The researchers found that compared with patients who were able to continue with oral anti-diabetic drugs, patients in Belgium and in Lombardy had a 3.5-fold greater risk of being diagnosed with pancreatic cancer in the first three months after their first prescription for incretins (metabolic hormones that stimulate the pancreas to produce more insulin to lower blood glucose levels)
This fell to a 2.3-fold risk in the next three to six months, to a two-fold risk for the next six to 12 months and 1.7-fold risk after the first year.
Among patients who already had type 2 diabetes and were managing it with oral anti-diabetic drugs, the switch to incretins or insulin happened faster among diabetic patients who were subsequently diagnosed with pancreatic cancer.
In addition, a deterioration in their condition that necessitated them being switched to more aggressive anti-diabetic therapy with injections of insulin was associated with a seven-fold increased risk of being diagnosed with pancreatic cancer.
Koechlin and colleagues in Belgium and Italy used prescription data to identify 368,377 patients with type 2 diabetes in Belgium between 2008 and 2013 and 456,311 patients in Lombardy between 2008 and 2012.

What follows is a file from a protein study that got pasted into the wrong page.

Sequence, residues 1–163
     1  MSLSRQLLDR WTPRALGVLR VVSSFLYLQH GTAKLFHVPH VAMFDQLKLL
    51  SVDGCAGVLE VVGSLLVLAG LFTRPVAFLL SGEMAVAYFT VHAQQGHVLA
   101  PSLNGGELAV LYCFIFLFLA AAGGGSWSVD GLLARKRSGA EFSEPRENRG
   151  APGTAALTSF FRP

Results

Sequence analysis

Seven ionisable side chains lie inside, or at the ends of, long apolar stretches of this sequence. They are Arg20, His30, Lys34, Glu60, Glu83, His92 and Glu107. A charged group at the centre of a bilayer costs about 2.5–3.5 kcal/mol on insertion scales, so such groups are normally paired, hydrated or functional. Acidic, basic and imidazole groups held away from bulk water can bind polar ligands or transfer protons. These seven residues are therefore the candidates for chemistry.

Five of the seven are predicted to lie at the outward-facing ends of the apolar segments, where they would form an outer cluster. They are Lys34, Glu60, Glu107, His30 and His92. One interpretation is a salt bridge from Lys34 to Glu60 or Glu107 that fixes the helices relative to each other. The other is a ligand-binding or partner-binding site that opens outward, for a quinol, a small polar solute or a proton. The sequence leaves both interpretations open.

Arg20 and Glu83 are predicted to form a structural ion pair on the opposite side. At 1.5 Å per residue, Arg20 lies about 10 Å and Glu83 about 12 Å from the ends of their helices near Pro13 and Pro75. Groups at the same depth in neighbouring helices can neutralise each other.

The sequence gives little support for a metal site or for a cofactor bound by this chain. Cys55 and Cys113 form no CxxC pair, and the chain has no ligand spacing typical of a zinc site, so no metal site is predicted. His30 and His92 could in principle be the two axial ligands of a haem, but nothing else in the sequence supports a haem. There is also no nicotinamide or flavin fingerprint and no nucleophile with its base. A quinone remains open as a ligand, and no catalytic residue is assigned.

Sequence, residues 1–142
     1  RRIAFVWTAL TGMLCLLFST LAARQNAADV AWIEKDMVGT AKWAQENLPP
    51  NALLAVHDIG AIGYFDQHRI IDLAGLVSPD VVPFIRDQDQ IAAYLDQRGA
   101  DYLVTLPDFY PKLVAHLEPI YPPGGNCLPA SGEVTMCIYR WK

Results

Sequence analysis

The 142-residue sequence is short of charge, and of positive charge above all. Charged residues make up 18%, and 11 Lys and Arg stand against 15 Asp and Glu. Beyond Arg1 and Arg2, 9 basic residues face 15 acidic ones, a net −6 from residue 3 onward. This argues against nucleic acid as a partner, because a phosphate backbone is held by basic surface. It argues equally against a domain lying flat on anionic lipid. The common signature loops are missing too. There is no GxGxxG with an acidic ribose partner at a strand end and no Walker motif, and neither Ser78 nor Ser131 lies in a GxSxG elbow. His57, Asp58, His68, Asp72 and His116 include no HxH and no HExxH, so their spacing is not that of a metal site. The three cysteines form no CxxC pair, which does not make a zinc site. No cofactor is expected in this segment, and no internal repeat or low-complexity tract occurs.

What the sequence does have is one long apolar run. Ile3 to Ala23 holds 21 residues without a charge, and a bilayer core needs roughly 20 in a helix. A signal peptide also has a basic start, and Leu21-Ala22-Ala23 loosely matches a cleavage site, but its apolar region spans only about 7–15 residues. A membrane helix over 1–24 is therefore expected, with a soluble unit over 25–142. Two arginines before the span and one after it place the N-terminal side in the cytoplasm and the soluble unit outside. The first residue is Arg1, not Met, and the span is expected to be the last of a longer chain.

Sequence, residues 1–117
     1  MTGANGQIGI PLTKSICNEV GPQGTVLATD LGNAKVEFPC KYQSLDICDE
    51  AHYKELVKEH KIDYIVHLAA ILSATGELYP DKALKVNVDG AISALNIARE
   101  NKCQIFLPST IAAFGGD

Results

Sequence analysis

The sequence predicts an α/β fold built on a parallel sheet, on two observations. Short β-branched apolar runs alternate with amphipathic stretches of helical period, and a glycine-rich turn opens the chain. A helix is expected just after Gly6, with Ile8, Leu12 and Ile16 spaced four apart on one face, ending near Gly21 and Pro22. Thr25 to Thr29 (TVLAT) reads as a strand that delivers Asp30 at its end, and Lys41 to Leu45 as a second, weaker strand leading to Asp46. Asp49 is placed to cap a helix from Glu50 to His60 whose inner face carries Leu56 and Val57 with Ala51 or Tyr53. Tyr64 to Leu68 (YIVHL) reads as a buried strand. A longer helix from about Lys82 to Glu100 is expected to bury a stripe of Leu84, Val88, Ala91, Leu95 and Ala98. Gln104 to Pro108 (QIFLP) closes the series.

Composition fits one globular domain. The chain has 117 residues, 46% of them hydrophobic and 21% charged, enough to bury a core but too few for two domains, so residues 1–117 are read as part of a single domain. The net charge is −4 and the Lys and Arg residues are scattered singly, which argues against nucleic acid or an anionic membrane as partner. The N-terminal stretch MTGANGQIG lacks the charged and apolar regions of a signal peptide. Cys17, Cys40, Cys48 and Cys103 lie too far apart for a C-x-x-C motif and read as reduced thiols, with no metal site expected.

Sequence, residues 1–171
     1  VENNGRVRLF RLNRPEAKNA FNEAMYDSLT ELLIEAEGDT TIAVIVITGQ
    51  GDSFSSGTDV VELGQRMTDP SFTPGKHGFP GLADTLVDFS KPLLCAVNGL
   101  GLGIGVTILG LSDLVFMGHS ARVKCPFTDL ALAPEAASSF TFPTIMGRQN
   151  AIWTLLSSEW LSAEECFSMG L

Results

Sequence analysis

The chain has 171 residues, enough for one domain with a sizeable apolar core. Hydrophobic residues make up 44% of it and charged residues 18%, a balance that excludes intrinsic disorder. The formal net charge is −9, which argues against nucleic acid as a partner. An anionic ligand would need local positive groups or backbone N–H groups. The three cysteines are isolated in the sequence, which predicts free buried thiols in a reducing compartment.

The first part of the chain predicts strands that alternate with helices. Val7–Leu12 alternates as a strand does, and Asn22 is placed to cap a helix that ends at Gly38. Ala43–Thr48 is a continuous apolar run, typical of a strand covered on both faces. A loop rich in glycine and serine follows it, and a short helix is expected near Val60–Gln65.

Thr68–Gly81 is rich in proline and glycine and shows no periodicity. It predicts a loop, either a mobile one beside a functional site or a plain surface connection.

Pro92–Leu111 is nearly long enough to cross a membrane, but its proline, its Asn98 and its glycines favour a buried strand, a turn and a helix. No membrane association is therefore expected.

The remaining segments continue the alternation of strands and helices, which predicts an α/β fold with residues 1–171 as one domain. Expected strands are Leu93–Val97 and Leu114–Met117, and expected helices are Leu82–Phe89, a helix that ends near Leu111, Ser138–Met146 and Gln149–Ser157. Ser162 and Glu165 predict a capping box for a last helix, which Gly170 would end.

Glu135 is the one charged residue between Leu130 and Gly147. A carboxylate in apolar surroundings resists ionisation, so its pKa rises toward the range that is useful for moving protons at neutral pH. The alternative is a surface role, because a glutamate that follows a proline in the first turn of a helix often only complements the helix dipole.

The data were linked to pancreatic cancer cases in the Belgian Cancer Registry and the hospital discharge databases in Lombardy.
There were 885 and 1,872 cases of pancreatic cancer diagnosed during this time in Belgium and Lombardy respectively.
"Although it has been known for some time that there is an association between type 2 diabetes and pancreatic cancer, the relationship between the two conditions is complex," said Koechlin.
Pancreatic cancer is one of the most lethal cancers, partly because it is difficult to detect at an early stage and because there are few effective treatments for it.
Less than one per cent of people live for ten or more years after a diagnosis. Worldwide there were an estimated 338,000 cases of pancreatic cancer diagnosed in 2012 and 330,000 people died from it.
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